Yipping can also be used while playing. Red foxes often play with one another, yipping as they do so. The way a red fox uses yips depends on the relationship they have with the animal they are tipping at. It also varies based on their pitch and how they act as they do so.
Laughing is a strangely common noise for foxes. A red fox’s laughter sounds eerily similar to human laughter, mainly the laughter of an adult woman.
There is no general reason why red foxes laugh aside from pleasure and excitement. At the end of the night, foxes will gather in groups and laugh together. Laughing together is their way of expressing joy as a group.
The laughing noise that foxes make is similar to the laughing sound of coyotes and wolves. The similarity of these noises is good for the fox because it keeps the other animals away -as long as they are not in the other canine’s territory.
Red foxes will whimper when they feel threatened or in danger. It is a submissive sound that often indicates they do not want to fight. Many red foxes will make this sound while playing, mating, or meeting a new fox.
Whimpering is also a common red fox behavior for newborn foxes and fox kits because their vocalizations are limited to minimal noises. Kits will whimper for their mothers and pack members if they get lost.
Red foxes also whimper to attract prey or ward off predators. Their whimpers may emulate the sound of a human baby, which can be dangerously confusing for humans.
Whining is a common noise for foxes who are expressing discontent, sadness, or boredom. Foxes may whine when they are playing, typically as a way of aggressing their playmate. Many scientists and animal lovers also consider the foxes whining as a greeting.
As a kit, foxes will whine to express general needs. They use this general sound as a form of expression since they cannot fully vocalize their needs and emotions yet.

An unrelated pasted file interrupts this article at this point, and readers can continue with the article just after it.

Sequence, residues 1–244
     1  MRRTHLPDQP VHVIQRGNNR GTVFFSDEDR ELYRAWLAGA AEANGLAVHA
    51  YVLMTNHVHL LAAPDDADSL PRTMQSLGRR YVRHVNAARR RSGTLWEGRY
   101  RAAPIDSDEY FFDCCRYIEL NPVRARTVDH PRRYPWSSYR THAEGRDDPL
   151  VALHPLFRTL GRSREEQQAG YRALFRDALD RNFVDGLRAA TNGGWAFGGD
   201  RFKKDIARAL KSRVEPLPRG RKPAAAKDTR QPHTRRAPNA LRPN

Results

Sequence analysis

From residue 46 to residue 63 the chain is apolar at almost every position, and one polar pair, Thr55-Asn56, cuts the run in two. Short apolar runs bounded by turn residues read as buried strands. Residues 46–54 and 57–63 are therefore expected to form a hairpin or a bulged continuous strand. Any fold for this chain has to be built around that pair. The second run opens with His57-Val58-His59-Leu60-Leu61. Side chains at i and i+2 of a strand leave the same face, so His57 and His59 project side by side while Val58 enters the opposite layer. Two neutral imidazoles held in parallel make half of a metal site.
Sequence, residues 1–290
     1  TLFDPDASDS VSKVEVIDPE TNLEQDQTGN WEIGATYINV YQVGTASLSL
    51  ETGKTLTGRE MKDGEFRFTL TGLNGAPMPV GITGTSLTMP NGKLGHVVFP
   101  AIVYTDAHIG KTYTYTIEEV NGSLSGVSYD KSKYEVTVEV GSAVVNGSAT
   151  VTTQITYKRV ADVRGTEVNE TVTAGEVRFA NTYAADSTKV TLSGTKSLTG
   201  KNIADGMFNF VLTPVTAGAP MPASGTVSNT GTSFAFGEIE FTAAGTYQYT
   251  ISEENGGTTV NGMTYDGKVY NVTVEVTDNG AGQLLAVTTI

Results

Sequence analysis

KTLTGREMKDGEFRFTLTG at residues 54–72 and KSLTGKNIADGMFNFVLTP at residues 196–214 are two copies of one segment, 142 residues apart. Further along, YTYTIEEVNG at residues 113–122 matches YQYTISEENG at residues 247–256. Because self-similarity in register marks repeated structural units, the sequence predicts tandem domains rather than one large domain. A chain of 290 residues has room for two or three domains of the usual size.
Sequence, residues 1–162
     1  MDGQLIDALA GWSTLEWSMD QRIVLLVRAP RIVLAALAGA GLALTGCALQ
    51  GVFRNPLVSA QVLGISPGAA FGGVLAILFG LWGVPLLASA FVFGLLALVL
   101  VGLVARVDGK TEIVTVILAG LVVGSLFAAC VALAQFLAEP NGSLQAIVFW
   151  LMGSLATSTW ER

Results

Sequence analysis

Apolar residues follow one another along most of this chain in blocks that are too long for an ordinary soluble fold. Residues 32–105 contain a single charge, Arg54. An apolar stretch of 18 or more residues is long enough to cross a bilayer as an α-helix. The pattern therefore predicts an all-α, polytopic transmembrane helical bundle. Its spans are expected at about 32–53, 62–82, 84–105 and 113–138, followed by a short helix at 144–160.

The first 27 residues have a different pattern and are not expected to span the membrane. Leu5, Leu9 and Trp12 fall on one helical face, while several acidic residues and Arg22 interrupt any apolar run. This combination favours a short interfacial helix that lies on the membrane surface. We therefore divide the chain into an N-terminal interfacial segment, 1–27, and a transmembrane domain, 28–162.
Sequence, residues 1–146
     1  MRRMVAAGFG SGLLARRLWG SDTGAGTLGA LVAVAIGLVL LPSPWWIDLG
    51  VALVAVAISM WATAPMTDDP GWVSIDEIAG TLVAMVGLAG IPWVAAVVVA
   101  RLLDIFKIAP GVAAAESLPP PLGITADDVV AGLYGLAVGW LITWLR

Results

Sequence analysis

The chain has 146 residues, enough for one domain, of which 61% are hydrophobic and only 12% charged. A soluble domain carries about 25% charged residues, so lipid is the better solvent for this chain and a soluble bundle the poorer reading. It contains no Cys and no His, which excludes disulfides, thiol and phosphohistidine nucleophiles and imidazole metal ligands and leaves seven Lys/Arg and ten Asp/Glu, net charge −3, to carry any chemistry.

Hissing is a warning sign of the red fox. Hisses mean the red fox feels threatened and is ready to attack if necessary. Many mother foxes will hiss at animals who approach the den of their newborn kits.
If you encounter a hissing fox, you should leave it alone and retreat to where you came from.
Panting is normal fox behavior used to lower body heat, a little like dogs. Foxes pant when they are hot to try and lower the temperature of their body. Panting to lower body temperature most often occurs in hot climates and areas where water is not readily available.
Foxes do not typically whistle. Although they do not make whistles, the high pitch tone can often make their screams and yelps sound like whistles.
Red foxes do not meow. The appearance of the fox is sometimes mistaken for a cat. However, the fox is closely related to the canine dog. Therefore, the red fox adopts similar noises to the domestic dog and not the domestic cat.
Some barks and whines that the red fox makes a sound high pitch, which people can claim are similar to meows. Still, these are not considered meows by the animal or scientific community.
The red fox does not purr. Red foxes are canines and not felines, so they do not take on feline behaviors or noises. For instance, the red fox barks, but it does not meow.
Many people believe that the red fox has a more similar appearance to cats than dogs. Foxes have a more similar appearance and genetic build to dogs.
There are many small and medium-sized dog breeds that resemble the fox. Consider the Shiba Inu, American Eskimo, and German Spitz as a few examples of dogs that look nearly identical to red foxes.
What Do All Those Noises Mean?
Although some noises are similar, they each have different meanings.